Why do people use substances and when does it become harmful?

By D&M Consultants

The desire to mood and mind alter is part of human behaviour. Do you remember when you were a kid spinning around until you were so dizzy you fell over? Substances have been in human societies for millennia and fulfill numerous social and cultural functions, many have been forgotten in our modern world.

Researchers have identified a number of reasons why modern individuals use substances, including:

  1. Because it feels pleasurable and enjoyable
  2. To manage aspects of living, and physical pain
  3. To manage feelings/emotions
  4. To increase the sense of belonging
  5. To engage in ‘normal’ socialisation’
  6. To expand consciousness
  7. To counteract the effects of another drug
  8. To maintain physiological dependence and/or avoid withdrawal

[Ritter, King & Lee, 2017, pp.5-6]

It would be unusual to find an individual who doesn’t use substances – tobacco, caffeine, alcohol and illicit or prescription drugs. Drug use is not only common, many substances are legal and socially sanctioned or promoted.

Despite this, research suggests that the harms for individuals, families and our society is wide-ranging, contributing to the largest cause of preventable disease and injury.

  • In 2019, 11.0% of Australians smoked tobacco daily.
  • 1 in 10 individuals (9.9%) who consumed alcohol within the past 12 months are likely to meet the criteria for alcohol dependence.
  • In 2019, 1 in 4 (25%) people drank at a risky level on a single occasion at least monthly, while about 1 in 6 (16.8%) exceeded the lifetime risk guideline.
  • In 2019, 43% of Australians aged 14 and over had illicitly used a drug at some point in their life (including pharmaceuticals used for non-medical purposes) and 16.4% had used one in the last 12 months.
  • Cannabis was the most commonly used illicit drug in 2019, with 11.6% of Australians using it in the last 12 months. This was followed by cocaine (4.2%), ecstasy (3.0%) and non-medical use of pain-killers and opioids (2.7%).

(AIHW: Household Survey, 2019).

Although data is still being collected from 2020, there are indications that COVID-19 further contributed to addiction related harms within Australian communities, particularly with the more accessible substances (such as alcohol).

So, when does using substances become harmful?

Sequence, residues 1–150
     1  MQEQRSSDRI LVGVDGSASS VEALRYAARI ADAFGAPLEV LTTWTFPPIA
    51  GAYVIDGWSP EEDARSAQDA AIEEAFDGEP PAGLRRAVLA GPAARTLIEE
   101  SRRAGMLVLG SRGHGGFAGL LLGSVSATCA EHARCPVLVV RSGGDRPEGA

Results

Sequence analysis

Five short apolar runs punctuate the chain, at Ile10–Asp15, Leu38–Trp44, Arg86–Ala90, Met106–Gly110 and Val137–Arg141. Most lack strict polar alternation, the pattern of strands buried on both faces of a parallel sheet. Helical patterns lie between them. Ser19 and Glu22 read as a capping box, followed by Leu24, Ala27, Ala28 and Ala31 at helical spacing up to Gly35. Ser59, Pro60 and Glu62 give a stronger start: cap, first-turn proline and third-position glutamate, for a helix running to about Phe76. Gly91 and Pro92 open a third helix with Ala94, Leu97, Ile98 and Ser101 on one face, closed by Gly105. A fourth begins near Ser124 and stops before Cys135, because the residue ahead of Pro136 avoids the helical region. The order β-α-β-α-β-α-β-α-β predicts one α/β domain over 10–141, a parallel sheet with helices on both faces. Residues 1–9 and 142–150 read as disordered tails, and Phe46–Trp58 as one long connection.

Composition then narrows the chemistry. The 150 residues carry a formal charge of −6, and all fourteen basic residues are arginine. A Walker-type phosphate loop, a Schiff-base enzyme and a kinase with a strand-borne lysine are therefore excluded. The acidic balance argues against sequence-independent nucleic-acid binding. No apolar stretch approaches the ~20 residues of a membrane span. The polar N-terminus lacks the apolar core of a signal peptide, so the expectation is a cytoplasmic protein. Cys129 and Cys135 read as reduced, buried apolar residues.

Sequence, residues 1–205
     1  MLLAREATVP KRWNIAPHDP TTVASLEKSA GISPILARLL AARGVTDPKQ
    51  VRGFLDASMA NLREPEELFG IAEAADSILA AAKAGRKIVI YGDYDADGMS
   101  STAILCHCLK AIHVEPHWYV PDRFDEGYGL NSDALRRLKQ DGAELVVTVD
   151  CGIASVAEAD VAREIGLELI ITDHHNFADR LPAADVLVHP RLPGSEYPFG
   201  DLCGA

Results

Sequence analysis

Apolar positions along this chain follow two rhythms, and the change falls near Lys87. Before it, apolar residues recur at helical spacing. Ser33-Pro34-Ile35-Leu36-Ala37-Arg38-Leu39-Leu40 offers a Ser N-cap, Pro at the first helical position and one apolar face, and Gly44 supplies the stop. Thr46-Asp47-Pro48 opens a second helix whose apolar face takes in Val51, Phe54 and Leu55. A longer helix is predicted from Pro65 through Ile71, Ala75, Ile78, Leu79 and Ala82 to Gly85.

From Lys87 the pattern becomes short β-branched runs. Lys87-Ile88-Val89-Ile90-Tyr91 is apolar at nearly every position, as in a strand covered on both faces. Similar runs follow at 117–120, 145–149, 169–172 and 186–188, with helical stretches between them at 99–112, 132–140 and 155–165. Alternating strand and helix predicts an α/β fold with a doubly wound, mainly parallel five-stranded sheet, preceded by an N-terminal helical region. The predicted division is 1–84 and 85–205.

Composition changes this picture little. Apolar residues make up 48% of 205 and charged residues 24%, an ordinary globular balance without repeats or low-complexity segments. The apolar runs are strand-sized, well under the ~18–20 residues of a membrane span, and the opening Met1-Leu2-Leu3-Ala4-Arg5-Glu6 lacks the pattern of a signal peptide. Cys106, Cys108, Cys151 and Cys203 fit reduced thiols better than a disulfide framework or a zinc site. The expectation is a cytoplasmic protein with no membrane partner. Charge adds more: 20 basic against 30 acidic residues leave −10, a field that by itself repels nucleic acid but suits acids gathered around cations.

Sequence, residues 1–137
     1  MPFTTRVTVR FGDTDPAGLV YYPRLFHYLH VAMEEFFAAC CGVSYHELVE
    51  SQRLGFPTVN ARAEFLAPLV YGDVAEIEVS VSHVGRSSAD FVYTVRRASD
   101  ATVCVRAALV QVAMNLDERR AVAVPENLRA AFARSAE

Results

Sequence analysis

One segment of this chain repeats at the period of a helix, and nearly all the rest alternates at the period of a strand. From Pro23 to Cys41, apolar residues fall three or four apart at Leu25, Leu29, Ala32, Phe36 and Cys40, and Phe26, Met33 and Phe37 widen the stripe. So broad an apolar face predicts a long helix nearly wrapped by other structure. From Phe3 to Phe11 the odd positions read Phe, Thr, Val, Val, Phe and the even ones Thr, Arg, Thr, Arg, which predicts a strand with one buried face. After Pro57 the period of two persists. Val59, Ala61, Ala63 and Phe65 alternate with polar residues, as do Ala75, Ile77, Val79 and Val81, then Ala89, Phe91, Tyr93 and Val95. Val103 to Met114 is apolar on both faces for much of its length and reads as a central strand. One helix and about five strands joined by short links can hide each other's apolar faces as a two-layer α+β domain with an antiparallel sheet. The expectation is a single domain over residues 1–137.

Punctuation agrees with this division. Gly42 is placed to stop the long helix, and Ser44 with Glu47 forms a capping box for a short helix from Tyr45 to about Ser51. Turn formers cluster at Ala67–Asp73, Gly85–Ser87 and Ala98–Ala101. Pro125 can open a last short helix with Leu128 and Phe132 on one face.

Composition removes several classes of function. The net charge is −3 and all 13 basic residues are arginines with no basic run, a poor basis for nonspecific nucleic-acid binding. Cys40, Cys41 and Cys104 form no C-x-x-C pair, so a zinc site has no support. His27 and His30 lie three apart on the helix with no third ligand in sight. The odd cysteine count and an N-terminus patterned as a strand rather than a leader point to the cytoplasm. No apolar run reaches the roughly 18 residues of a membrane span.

Not all drug use is harmful. How many of us reach for a coffee when we are tired? Panadol when in pain? Or even an alcoholic beverage when celebrating a special occasion?

Is ‘harm’ defined by the number of number of drinks you consume or cones you smoke? The DSM-V (Diagnostic and Statistical Manual) does not stipulate that someone has to consume a specific ‘quantity’ of a substance before it is considered harmful. For example, you only need to meet two of 11 criteria in the DSM-V to be considered as having an ‘alcohol use disorder’. 5 of these criteria include:

  1. Alcohol is often taken in larger amounts or over a longer period than was intended
  2. There is a persistent desire or unsuccessful efforts to cut down or control alcohol use.
  3. Continued alcohol use despite having persistent or recurrent social or interpersonal problems caused or exacerbated by the effect of alcohol.
  4. A need for markedly increased amounts of alcohol to achieve intoxication or desired effect.
  5. Alcohol use is continued despite knowledge of having a persistent or recurrent physical or psychological problem that is likely to have been caused or exacerbate by alcohol.

[DSM-5, 2013]

The point is that harm and problematic use are on a continuum. There are vast numbers of people who may be consuming substances at harmful levels and not even be aware of the risks they are taking. In our experience, most high functioning addicts never receive treatment, let alone reach a point where a medical professional will offer a diagnosis.

Our REFRAME YOUR LIFE program offers a non-medical, holistic approach to dealing with the problematic use of alcohol and other drugs. We encourage clients to assess their own use and define for themselves the extent of harm. We collaborate with clients to create solutions so they can reduce negative consequences for them and their family.

D&M Consultants understand the challenges faced by individuals and families struggling with addictive behaviour. We absolutely can support you to find your own solutions and to begin your journey of recovery. Contact us at D&M Consultancy for more information on our REFRAME YOUR LIFE program.


American Psychiatric Association. (2013). Diagnostic and statistical manual of mental disorders (DSM-5®). American Psychiatric Pub.

Australian Institute of Health and Welfare (2020). National Drug Strategy Household survey

2019: Detailed findings (PHE 270). Canberra: Australian Institute of Health and Welfare.

Biddle N, Edwards B, Gray M & Sollis K (2020). Alcohol consumption during the COVID-19 period: May 2020. ANU Centre for Social Research and Methods: Canberra. Viewed 10 June 2020.

Ritter, A. E., King, T. E., & Lee, N. E. (2017). Drug use in Australian society. Oxford University Press Australia & New Zealand.

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